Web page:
The end of our episode saw General George Washington’s defeat at the Battle of Brandywine, As he collected his troops and began to reform his plans he was intent on accomplishing two tasks.
- He wanted to protect Philadelphia, the current Colonial Capital from British forces under the command of Howe
- He needed to replenish the rapidly dwindling supplies and munitions which were stored in Reading, Pennsylvania.
Washington withdrew from the area around Brandywine across the Schuylkill River, marched through Philadelphia, and headed northwest. Since the Schuylkill was fordable only far upstream starting at Matson’s Ford (present-day Conshohocken), Washington could protect both the capital and the vital supply areas to the west from behind the river barrier.
Yet he reconsidered, and took a slight gamble. He decided to recross the river to face the British, who had moved little since Brandywine, owing to a shortage of wagons to carry both their wounded and their baggage. If you’ll recall from 2 episodes ago, these British troops had arrived by boat, so the supplies they had with them were very lean.
General Howe was alerted that Washington had recrossed the Schuylkill on the afternoon of September 15, 4 days after the battle of Brandywine and by midnight, his troops were on the march toward the major road junction where the White Horse Tavern stood. The going was difficult due to inclement weather in the area, which had been rainy and windy, and the troops and wagons turned the roads into muddy quagmires. The next morning, Washington’s 10,000 man army was moving west through the Great Valley, bound by the North and South Valley Hills on either side. He learned from his cavalry, led by General Pulaski, that the British were advancing on him from the south just a few miles away.
Although moving to the North Valley Hills would have given Washington more time to deploy and possibly fortify, In an aggressive maneuver, Washington ordered the army south directly toward the enemy to take up a defensive position on the South Valley Hills. His battle position was three miles long and was strong.
Washington sent an advance force under General Anthony Wayne to slow the British progress. At about 2:00 pm, his men encountered the advance jäger units of the Hessian column. The two forces began skirmishing, and the Americans very nearly captured Colonel Carl von Donop when he became separated from his main column with a small company of jägers. The main British column, led by General Charles Cornwallis, met with Wayne’s Pennsylvania militia on another road at around 3:00, who gave way in a panicked retreat, resulting in 10 killed or wounded from Wayne’s militia.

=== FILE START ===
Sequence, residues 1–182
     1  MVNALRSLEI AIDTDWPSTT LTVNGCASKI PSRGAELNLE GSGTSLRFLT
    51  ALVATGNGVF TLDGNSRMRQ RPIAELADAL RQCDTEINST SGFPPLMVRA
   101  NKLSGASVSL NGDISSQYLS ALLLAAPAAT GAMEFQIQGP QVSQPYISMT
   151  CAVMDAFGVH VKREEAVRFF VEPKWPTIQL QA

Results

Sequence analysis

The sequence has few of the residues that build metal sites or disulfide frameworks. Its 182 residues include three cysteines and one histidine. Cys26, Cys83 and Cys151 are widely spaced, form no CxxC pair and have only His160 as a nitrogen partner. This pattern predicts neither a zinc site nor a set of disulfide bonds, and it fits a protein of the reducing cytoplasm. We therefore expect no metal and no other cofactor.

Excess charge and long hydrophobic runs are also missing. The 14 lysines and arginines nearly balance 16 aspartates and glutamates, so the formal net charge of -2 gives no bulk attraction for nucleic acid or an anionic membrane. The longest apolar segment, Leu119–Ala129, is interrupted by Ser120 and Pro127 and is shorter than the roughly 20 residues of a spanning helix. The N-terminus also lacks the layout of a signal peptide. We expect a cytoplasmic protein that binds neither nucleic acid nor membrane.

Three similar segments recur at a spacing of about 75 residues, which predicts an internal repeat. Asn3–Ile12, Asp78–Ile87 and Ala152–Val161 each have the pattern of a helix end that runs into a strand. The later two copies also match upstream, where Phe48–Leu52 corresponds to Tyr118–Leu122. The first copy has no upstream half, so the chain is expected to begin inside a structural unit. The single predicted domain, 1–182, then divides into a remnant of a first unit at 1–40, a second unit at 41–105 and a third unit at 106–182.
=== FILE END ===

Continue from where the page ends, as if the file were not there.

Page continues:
Meanwhile Washington, who was trying to organize the line of battle, had a change of heart about the position, and ended up withdrawing the army north of the tavern. This withdrawal was just getting underway when it began pouring rain. Hessian jäger captain Johann Ewald describ ed it as
“an extraordinary thunderstorm, […] combined with the heaviest downpour in this world.”
The British army halted its advance, although our good friend and adversary General Wilhelm von Knyphausen ordered the jägers to engage the enemy. Ewald and his men rushed forward, swords drawn since their muskets were inoperable due to wet powder, and capture 34 men. Ewald reported losing 5 killed, 7 wounded, and 3 captured in this action.
The storm, which historian Thomas McGuire describes as “a classic nor’easter”, raged well into the next day. The British were forced to construct a makeshift camp (having left their tents behind that day), and Washington managed to form a battle line, but a great deal of his ammunition was spoiled by the rain and poorly constructed cartridge boxes.
Washington once again withdrew beyond the Schuylkill on September 19 to cover both the capital and his supply area, but he left behind General Wayne’s Pennsylvania division of 1,500 men and four guns with orders to harass the British rear. Howe’s army found it nearly impossible to follow Washington over the rutted, muddy roads. The decision was made to wait out the storm, then move toward their objective. This little incident with a few deployments and skirmishes is referred to as the Battle of the Clouds, but you may also hear it mentioned as the Battle of Warren, Battle of Whitehorse Tavern, or the Battle of Goshen, and it truly wasn’t even a battle. Most historians tend to refer to it as the Battle that got rained out.
Brigadier General “Mad” Anthony Wayne’s Pennsylvania Division was left camped at Chester, Pennsylvania. When the British columns passed by, Wayne followed, under orders from Washington to harass the British and attempt to capture all or part of their baggage train.
Wayne assumed that hi s presence was undetected and camped close to the British lines in Paoli, Pennsylvania. His division consisted of the 1st, 2nd, 4th, 5th, 7th, 8th, 10th and 11th Pennsylvania Regiments, Hartley’s Regiment, an attached artillery company and a small force of dragoons. All told, it was about 1,500 strong. Camped about 1 mile away was William Smallwood’s Maryland militia, about 2,100 relatively inexperienced troops.
The British heard rumors that Wayne was in the area, and General Howe sent out spies who reported his location near the Paoli Tavern on September 19. Since his position was just 4 miles from the British camp at Tredyffrin, Pennsylvania, Howe immediately planned an attack on Wayne’s relatively exposed camp.